When a Picture Says a Thousand Words: Bangladesh
From the late 1980s, social accountability audits have become increasingly popular, largely as a result of offshore manufacturing. Throughout the 1990s, many U.S. household brand names were identified in exposés of child labor, failure to pay wages, forced labor and factory fires. To satisfy Corporate America’s shareholders’ burgeoning appetite for greater sourcing accountability from their companies, a proliferation of proprietary accountability programs ensued. While all focused primarily on human rights, few of them measured the same things in the same way.
What’s In An Audit? Semantics And Social Compliance
Over time, there have been shifts in not only what is evaluated during social accountability audits but also in what terms are used to identify the content of the audit. As one would expect, human rights are most certainly a component of these examinations, as is advocacy for the workers producing the products manufactured on behalf of brands whose programs are placed in the factory.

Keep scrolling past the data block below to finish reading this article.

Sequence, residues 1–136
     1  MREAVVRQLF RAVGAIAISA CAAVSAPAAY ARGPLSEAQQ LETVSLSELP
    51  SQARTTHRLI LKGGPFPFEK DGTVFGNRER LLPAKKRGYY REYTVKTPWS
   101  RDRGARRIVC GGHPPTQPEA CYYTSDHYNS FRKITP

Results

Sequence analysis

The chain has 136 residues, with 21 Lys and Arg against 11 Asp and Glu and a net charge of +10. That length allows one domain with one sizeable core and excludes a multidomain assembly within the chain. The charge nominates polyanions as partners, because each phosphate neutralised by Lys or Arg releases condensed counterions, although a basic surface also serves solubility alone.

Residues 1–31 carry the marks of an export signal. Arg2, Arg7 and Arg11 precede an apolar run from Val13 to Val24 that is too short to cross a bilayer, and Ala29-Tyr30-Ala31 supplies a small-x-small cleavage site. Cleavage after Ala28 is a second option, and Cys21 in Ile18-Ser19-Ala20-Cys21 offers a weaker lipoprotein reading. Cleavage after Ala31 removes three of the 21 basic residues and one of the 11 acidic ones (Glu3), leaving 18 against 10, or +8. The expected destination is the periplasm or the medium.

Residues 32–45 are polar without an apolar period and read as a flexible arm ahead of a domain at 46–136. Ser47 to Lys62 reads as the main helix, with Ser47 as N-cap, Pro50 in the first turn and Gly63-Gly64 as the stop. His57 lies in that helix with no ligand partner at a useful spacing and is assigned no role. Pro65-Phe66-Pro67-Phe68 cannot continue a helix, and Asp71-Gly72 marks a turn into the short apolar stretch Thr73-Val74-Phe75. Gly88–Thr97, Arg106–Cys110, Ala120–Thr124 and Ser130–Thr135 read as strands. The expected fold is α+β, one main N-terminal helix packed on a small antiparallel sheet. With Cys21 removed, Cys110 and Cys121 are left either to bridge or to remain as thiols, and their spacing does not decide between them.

This approach became even more apparent in 2000, when the United Nations (U.N.) Global Compact Initiative was launched to standardize audit scope. The U.N. Global Compact, a voluntary corporate sustainability initiative, is administered through the U.N. Global Compact Office and receives support from six U.N. agencies, including the U.N. High Commission for Human Rights.
The Compact’s objective is “sustainability,” and its compliance standards are focused not only on human rights but also labor, environment and anti-corruption. By incorporating a four-pronged approach, the Compact has changed the conversation from one focused on “human rights abuses”—an idea that conjures notorious images of ruthless dictators and marauding ethnic clans—to one about “ethical manufacturing practices” that is rooted in laws written by the governments of the countries in which those laws are applied.
Altering the way we talk about conditions in the workplace—and, in this case, the factory—allows us to use the principles in the Charter to move beyond a black-and-white “human rights abuse” conversation to a practical discussion with an array of business tools for fixing the problem. By simply posing the questions using more accurate vocabulary, all parties involved can begin to envision different responses and meaningful corrective actions.